Some people seem to be making life difficult for themselves with risk models such as "Impact * Probability" and as such have lead themselves into all manner of imponderable ... since this model hides essential details.
I discuss the CLASSICAL risk equation in my blog
There is a good reason for, no make that MANY good reasons, for separating out the threat and the vulnerability and asset rather that just using "impact".
Any asset is going to be affected by many
Any control will almost certainly address many assets and in all likelihood deal with many threats and vulnerabilities.
Any reasonable approach will try to optimise this: make the controls more effective and efficient by having them cover as many assets, threats or vulnerabilities as possible.
As such, the CLASSICAL risk equation can then be viewed as addressing residual risk - the probability AFTER applying the controls.
"If nothing else, perhaps the frequency, audacity and harmfulness of
these attacks will help encourage Congress to enact new legislation to
make the Internet a safer place for everyone," the Sony executive said.
"By working together to enact meaningful cybersecurity legislation we
can limit the threat posed to U.S. all," he said.
It seems that this legislation focuses on the 3rd and not the first.
It might even be seen to discourage the second.
- Sony backs U.S. cybersecurity legislation (canada.com)
- DOD Website Sells Public On Cybersecurity Strategy (informationweek.com)
- Companies To Spend $130 Billion On Cybersecurity In 2011 (teamshatter.com)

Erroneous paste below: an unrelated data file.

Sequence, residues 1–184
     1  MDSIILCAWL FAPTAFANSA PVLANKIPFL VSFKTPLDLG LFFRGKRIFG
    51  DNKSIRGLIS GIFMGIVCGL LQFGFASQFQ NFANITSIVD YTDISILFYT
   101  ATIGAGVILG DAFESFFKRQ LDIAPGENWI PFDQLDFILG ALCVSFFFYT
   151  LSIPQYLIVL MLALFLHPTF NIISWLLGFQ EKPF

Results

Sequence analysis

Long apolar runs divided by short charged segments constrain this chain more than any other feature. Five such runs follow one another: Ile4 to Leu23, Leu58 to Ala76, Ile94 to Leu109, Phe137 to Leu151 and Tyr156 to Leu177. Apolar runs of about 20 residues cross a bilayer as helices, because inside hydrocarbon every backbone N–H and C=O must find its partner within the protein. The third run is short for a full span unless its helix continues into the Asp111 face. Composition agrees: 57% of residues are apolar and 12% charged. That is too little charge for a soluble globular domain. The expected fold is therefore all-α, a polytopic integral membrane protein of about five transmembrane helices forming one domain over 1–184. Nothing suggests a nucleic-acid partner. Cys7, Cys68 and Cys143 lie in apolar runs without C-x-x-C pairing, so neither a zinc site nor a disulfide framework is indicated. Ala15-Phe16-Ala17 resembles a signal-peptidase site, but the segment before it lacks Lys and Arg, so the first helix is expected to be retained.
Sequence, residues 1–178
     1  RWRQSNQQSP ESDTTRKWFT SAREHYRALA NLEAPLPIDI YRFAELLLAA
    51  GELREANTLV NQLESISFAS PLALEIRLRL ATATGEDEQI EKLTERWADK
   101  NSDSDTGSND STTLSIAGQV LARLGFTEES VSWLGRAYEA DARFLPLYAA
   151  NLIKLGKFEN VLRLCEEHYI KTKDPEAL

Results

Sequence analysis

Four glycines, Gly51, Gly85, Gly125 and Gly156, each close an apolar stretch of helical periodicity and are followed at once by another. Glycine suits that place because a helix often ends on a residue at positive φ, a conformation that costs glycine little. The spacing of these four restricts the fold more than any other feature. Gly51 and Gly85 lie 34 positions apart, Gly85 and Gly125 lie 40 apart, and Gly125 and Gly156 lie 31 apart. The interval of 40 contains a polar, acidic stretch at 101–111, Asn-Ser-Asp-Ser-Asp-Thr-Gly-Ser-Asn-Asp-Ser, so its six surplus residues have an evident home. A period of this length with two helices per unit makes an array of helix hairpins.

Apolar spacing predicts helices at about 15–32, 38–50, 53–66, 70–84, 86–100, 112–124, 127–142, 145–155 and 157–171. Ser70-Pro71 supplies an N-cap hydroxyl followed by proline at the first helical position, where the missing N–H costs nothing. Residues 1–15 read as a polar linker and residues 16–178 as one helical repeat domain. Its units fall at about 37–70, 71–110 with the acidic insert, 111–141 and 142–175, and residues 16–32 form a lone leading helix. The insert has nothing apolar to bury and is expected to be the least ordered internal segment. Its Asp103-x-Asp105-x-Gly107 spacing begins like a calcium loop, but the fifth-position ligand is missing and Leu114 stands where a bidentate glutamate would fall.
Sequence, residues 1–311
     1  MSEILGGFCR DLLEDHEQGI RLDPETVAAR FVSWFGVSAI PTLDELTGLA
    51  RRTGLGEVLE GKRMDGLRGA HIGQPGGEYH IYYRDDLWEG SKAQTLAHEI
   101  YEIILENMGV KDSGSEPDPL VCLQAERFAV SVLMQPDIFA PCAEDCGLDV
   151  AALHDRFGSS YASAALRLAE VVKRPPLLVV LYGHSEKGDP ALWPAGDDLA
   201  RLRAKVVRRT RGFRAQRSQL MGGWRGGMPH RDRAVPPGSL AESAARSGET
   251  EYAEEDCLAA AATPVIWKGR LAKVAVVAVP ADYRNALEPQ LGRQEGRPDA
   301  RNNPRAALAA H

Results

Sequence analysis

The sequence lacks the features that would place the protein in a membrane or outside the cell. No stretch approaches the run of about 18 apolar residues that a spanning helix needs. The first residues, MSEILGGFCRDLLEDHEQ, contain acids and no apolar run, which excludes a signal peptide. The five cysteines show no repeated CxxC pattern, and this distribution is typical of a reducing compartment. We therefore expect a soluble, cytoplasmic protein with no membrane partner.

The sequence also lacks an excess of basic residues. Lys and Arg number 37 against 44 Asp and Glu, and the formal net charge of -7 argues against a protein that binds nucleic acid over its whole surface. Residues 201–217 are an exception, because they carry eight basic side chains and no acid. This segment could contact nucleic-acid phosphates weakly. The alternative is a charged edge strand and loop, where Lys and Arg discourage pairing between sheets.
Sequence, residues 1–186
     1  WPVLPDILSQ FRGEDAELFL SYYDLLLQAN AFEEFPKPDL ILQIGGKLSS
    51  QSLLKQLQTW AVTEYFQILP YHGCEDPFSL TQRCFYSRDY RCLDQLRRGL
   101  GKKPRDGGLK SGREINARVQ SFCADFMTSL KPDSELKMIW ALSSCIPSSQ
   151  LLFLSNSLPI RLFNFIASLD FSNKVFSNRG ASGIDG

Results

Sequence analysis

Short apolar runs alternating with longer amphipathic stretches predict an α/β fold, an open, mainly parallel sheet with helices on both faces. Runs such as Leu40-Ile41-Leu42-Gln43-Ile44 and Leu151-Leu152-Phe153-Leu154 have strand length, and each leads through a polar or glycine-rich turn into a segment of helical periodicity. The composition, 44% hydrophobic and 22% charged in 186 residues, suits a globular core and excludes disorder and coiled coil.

- Obama to Introduce Cybersecurity Proposal (circleid.com)
- White House to unveil cybersecurity proposal (theglobeandmail.com)
- What do we need to do to reach "cybersecurity awareness"? (nakedsecurity.sophos.com)
- White House Cybersecurity Plan: What You Need To Know (huffingtonpost.com)
- Microsoft Endorses White House Cybersecurity Plan (blogs.wsj.com)
A colleague in InfoSec made the following observation:
My point - RA is a nice to have, but it is superfluous. It looks nice
but does NOTHING without the bases being covered. what we need
is a baseline that everyone accepts as necessary (call it the house
odds if you like...)
Most of us in the profession have met the case where a Risk Analysis would be nice to have but is superfluous because the baseline controls that were needed were obvious and 'generally accepted', which makes me wonder why any of us support the fallacy or RA.
It gets back to the thing about the Hollywood effect that is Pen Testing. Quite apart from the many downsides it has from a business POV it is non-logical in the same way that RA is non-logical.
One list I subscribe I saw this outrageous statement:
ISO 27001 requires that you take account of all the relevant threats
(and vulnerabilities) to every asset - that means that you have to
consider whether every threat from your list is related to each of
I certainly hope not!
Unless you have a rule as to where to stop those lists - vectors that you are going to multiply - are going to become indefinitely large if not infinite. Its a problem in set theory to do with enumberability.
for a more complete discussion of this aspect of 'risk'.